Ethics Seminar
Ethics seminar
Photo by Jeff Hendy
David Warren
Art in the Bible seminar
Photo by Karen Roseland
(composed in iPad Projects seminar)
Garden seminar
Gardening A to Z seminar
Photo by Karen Martin
Sutter's Fort field trip
Sutter's Fort field trip
Photo by Linda Alameda

Friday Afternoon and Saturday Seminars

These seminars take place on the CSUS campus on Friday afternoons. Most times are from 1 to 2:45 p.m., unless otherwise noted (look carefully for seminars that have different starting times). They run for the entire semester, from Sept. 5 through Dec. 5. There are no seminars on Nov. 28.

There is also one seminar on Saturday mornings, from 10 a.m. to 12 noon. It will run from Sept. 6 to Dec. 6. See details below

You must sign up with the leader for these seminars. There are two ways to register: You can call or email the leader right now or you can contact the leader at the Rendezvous on Aug. 29.

Please do not sign up for more than one seminar, unless you are on a waiting list. If you get into the class you want, please let leaders of your other wait-list classes know that you are no longer interested! Also, inform the leader if you are dropping a seminar (so those on the waiting list can be added).

Many of these classes require participation (ones marked with a (P) encourage participation). You may be asked to make a presentation on the topic or secure an outside speaker or help in some other way. Here are some technical tips for presentations. It will be noted in the writeups below if no participation is required.

Contact the leader now or at the Rendezvous for more information about a seminar.


Each seminar has a Style immediately following its name, defined as follows:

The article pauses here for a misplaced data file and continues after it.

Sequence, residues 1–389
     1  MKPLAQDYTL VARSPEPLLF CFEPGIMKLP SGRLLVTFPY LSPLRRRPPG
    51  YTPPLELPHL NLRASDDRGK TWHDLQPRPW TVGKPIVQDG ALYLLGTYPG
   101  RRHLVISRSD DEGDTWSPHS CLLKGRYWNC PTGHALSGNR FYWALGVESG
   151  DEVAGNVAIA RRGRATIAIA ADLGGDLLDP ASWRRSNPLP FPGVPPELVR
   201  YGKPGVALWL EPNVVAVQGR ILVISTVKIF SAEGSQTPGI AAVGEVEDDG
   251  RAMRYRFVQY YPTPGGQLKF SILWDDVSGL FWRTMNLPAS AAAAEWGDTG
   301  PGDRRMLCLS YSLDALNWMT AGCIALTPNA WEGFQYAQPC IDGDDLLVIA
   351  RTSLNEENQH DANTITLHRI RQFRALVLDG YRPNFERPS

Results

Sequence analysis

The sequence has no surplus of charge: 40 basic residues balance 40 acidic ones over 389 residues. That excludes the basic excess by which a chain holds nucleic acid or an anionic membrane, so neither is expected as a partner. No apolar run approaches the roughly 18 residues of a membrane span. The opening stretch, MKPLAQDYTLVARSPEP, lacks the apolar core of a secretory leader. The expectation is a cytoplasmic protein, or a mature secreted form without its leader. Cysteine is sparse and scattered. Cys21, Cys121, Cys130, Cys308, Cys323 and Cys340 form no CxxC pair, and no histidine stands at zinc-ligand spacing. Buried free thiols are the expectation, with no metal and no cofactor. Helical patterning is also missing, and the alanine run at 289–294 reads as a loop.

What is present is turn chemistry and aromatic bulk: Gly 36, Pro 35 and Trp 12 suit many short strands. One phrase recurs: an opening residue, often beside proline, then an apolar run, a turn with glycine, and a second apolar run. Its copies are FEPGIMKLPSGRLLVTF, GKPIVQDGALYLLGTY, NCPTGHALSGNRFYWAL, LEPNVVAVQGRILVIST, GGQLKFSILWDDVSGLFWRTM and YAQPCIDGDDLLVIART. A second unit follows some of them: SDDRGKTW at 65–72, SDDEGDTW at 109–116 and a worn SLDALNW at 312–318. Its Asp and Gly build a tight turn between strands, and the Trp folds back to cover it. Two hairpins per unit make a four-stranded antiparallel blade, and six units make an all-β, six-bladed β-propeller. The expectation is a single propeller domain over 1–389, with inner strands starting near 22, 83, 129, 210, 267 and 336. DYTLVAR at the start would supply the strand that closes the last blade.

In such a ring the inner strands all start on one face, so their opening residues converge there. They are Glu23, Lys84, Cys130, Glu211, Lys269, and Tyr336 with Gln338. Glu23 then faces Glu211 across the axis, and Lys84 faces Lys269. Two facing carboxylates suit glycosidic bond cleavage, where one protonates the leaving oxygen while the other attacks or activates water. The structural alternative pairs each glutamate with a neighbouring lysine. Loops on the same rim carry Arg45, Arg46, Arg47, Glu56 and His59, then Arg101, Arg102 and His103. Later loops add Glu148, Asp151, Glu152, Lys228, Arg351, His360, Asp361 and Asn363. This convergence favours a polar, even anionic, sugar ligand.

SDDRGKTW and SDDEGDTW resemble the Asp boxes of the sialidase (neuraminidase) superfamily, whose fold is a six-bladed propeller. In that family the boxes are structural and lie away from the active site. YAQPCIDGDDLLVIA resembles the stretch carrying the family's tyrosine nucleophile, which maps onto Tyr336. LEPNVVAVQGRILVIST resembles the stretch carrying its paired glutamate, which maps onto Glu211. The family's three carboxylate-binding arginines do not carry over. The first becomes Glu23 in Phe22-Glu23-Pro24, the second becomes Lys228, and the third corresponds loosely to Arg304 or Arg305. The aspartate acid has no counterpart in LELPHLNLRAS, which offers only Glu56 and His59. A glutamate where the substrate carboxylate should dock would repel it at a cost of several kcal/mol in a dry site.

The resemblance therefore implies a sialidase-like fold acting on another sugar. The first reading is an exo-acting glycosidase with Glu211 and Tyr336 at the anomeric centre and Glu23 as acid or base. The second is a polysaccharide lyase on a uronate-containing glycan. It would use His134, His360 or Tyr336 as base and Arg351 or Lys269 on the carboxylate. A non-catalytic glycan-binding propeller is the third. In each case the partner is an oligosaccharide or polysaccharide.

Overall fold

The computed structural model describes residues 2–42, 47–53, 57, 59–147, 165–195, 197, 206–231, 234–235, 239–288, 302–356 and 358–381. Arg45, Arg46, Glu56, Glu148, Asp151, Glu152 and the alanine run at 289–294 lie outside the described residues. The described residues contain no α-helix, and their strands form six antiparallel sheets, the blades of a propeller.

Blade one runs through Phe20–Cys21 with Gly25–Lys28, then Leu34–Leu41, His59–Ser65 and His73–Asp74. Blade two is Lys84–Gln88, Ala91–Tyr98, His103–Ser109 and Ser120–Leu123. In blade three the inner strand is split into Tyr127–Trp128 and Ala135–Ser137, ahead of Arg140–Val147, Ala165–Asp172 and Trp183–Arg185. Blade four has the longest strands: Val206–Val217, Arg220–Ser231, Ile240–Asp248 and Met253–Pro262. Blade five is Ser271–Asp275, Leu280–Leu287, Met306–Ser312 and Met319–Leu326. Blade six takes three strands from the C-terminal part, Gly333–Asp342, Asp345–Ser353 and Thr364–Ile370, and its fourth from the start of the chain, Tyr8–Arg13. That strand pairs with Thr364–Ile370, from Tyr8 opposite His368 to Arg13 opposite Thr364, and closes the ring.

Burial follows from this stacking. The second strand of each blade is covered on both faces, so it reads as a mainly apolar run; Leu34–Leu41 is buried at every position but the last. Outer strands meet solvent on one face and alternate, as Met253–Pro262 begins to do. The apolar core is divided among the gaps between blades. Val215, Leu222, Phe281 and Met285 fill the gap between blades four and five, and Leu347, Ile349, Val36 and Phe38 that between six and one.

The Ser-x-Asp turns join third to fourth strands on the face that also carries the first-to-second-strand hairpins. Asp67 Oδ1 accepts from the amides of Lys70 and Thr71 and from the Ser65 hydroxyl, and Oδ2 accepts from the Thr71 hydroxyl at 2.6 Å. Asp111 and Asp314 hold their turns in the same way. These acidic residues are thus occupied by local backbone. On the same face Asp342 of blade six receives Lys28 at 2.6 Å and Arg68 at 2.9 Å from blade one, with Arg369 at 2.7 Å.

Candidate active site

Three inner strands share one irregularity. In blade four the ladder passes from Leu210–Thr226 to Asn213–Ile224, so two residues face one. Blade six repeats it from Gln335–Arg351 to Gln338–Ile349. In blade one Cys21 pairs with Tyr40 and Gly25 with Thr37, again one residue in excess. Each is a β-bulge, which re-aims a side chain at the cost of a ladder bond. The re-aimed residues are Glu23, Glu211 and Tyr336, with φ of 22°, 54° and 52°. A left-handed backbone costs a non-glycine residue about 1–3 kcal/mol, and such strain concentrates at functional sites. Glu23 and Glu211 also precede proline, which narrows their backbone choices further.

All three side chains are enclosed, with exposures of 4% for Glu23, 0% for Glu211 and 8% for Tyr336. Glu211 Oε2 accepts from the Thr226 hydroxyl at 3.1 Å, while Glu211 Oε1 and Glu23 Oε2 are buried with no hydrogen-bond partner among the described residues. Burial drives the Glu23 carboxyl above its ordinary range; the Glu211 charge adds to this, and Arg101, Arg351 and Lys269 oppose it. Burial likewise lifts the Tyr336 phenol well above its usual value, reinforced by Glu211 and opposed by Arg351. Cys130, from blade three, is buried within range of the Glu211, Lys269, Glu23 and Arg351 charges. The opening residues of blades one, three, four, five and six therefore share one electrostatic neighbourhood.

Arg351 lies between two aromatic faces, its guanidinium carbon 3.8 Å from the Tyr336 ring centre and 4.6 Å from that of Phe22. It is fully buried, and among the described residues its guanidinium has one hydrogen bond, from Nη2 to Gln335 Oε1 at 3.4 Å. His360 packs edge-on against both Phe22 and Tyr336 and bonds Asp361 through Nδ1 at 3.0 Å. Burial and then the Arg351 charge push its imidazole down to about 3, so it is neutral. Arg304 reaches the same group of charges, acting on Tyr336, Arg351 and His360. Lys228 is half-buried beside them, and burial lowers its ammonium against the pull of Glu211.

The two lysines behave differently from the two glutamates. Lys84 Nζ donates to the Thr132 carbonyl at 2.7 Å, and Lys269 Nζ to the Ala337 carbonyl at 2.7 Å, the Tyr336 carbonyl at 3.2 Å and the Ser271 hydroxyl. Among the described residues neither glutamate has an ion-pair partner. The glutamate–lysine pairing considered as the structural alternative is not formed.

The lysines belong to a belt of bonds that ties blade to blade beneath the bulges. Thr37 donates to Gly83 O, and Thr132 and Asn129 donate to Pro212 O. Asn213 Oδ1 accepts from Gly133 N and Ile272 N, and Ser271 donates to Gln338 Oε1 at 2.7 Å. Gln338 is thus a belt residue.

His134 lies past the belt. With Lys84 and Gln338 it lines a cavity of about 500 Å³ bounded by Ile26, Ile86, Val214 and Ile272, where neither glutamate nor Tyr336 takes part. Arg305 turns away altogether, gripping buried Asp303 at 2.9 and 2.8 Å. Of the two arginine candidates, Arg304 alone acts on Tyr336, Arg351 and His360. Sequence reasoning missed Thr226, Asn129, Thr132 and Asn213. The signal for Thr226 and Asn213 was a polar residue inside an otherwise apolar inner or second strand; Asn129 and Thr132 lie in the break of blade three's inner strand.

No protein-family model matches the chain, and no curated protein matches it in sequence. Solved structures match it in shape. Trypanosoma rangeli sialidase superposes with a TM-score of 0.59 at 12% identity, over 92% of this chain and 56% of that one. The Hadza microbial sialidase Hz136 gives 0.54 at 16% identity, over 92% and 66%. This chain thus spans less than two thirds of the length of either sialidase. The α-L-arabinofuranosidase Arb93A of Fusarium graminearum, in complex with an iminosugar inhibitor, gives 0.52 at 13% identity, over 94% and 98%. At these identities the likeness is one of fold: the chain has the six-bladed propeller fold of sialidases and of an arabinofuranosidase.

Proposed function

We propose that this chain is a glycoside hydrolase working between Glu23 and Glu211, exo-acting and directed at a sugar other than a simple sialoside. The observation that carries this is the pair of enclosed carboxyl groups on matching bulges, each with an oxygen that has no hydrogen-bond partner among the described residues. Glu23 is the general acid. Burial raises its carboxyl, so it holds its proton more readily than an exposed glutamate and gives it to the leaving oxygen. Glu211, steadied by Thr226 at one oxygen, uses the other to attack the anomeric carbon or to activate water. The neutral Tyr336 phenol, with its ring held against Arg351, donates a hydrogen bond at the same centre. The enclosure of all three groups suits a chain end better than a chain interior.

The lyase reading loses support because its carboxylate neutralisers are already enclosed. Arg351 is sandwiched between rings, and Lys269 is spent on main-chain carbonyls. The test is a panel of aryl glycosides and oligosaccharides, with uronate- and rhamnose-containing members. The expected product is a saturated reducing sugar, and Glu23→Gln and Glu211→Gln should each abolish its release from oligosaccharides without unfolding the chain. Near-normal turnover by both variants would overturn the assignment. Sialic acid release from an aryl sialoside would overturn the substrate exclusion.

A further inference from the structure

Saturday Seminar

The Middle Ages (P)
Mendocino 1003
10 a.m. to 12 noon, Sept. 6 through Dec. 6

Ed Sanborn

History. We will be studying from the Fall of Rome to Dante, 400-1300 CE. We will study the political, economic, social and artistic development of the Middle Ages. This is a repeat of my first class; I hope all those people who missed it the first time will join us. Everyone is welcome, as they all add to the experience. Class presentations.


Aging Well: Managing Your Own Health (D)
Douglass 212

Dolores Eitel, Marty Keale

Personal Development/Sports. Although you can't stop the clock, you can manage how you age. We will explore how to live smarter and better. Learn how to navigate through the healthcare system and develop strategies to promote healthy living, prevent and reverse disease. Guest speakers will present tips on topics ranging from understanding the structure of the healthcare system, financial management of health care, future changes resulting from the Affordable Care Act, care for the caregiver, end of life and after death care. Lively discussions will follow the presentations.

American Popular Music (L)
Amador 153

Mike Harkins

Art/Entertainment. The diverse music of America continues to be its most popular export. Through some of our most influential recordings this class will explore the origins of these popular genres. From "penny broadsides" of the northern colonies and "slave hollers" of the rural south, we will study the evolution of jazz, blues, folk and country to their modern forms. We will trace jazz ensembles to big swing bands; rhythm and blues to rock and roll; soul to disco; urban funk to rap; and rock to the many spin-offs, such as metal, punk, and grunge. No presentations required.